Overview of the 4' by 4' battlefield. It gives you the idea of what the double depth elements look like. 

Briton Lh-Italeri figs.

I wanted to use the Roman Ax archers as Bw in this game simply because I think they would be a "tad" better than standard Ps. In retrospect two elements of Bw might be a bit too much in the theater of operations. They were quite powerful. The archers are old Airfix figs.

ESCI Romans, now Italeri since Italeri has reissued. Mine are 30 years old.

Airfix Britons. The whole Briton army except for the Lh is classic Airfix. They were painted quite a few years ago by my friend Jim. Z.

Jim tried to disrupt the main Roman line with Ps as they were trying to cross the stream. The idea was delay the Roman center while the Britons worked the Roman flanks. 

Strelets Batavian cavalry in Roman service. It's a unique set. I used them poorly in this game. 

Part of the Roman left flank. Ax, Ps and a ballista, plus a General. I came very close to losing everything on this flank.

Batavian Cv versus two Briton Wb supported by Ps on the flank. It did not go well for the Batavians.

Classic Airfix chariots from the Briton set. Beautiful!!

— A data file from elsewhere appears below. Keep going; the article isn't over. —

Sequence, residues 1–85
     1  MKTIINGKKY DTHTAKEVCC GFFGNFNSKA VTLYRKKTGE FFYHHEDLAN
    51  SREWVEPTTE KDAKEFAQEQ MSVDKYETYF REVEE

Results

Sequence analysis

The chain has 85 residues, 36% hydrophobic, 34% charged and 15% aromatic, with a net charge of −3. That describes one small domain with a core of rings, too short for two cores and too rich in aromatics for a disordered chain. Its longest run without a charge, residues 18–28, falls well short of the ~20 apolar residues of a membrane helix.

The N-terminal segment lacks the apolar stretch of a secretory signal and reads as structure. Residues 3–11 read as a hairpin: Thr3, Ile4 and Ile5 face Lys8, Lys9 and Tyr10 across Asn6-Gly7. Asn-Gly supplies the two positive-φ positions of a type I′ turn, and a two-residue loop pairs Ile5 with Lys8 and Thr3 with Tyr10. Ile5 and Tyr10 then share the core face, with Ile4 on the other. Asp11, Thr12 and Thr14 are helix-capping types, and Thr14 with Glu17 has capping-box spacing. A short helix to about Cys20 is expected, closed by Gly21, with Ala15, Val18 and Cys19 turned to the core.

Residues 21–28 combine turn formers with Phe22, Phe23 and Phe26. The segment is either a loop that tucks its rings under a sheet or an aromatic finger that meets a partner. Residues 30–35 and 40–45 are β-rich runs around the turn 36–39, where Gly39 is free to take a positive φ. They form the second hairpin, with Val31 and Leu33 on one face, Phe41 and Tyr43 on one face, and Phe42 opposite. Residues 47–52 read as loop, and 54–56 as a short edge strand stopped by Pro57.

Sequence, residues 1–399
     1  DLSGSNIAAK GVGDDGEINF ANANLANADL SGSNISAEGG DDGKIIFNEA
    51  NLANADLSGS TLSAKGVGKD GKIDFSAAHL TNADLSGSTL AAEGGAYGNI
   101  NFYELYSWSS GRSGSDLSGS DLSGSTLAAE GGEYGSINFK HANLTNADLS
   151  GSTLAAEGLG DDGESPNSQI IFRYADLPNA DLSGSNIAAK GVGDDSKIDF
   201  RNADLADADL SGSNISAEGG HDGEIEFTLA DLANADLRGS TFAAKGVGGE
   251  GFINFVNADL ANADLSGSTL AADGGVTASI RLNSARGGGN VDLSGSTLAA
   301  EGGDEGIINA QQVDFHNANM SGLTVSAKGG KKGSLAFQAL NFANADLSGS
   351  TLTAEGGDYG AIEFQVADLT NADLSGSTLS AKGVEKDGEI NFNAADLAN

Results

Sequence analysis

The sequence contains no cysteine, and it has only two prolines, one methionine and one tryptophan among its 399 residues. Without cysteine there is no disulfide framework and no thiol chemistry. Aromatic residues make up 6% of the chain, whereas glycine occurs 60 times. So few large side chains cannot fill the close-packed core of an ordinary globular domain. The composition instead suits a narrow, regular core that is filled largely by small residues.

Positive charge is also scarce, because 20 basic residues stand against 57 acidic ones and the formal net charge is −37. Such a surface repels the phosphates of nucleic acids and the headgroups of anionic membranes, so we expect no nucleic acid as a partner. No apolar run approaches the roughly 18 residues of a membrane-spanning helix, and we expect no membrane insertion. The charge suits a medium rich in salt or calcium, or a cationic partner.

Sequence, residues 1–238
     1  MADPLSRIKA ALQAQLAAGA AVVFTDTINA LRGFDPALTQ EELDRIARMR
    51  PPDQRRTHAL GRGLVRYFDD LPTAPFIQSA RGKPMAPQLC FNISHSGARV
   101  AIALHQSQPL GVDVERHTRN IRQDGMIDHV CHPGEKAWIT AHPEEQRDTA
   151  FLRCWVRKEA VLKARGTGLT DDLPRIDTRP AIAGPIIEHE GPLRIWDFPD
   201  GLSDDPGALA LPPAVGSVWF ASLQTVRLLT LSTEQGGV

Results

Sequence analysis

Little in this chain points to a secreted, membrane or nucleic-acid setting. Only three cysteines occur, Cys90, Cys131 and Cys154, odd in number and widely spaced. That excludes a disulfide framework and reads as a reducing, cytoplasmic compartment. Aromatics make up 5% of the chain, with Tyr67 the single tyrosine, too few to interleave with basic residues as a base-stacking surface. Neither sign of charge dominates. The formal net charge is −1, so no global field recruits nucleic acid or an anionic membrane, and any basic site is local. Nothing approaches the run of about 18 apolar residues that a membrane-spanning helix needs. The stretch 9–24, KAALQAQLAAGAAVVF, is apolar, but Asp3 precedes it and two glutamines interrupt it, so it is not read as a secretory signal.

This is a nice shot of the colorful Britons. They chopped the Batavians.

Briton Ps contesting the stream in a delaying action.

The Roman right flank turned out to be the game winner as the Bw forced the Britons from the stream edge.

The dice showing 2 means that unit has suffered two recoils and has received a -1 to the CF. One more recoil and it's detroyed.

This Roman Bd element has one recoil. Yeah, the Ps did that!

The Romans are forcing the Briton Wb in the center. It doesn't look good for the Britons.

The ballista was a game saver on the Roman right. After the destruction of most of the Roman right the ballista held off the Briton right from capitalizing-that and some unfortunate dice throwing on the part of the Briton player. Whew, close one. (I do not remember who made the ballista model. It's at least 25 years old.)

Lchar vs Bd means advantage to the Lchar. I totally missed that and nearly lost the Roman center. As it was the game went down to the wire with the Romans just barely pulling it out. Note to self: Beware of LChar when you have a lot of Bds.

Briton nobility await their turn to enter the fray. They made an impact but it was not quite enough.

The Roman center taking a pounding. Two reserve Roman elements would be needed to hold the stream.

The victorious Roman left. Both Briton elements are in serious trouble.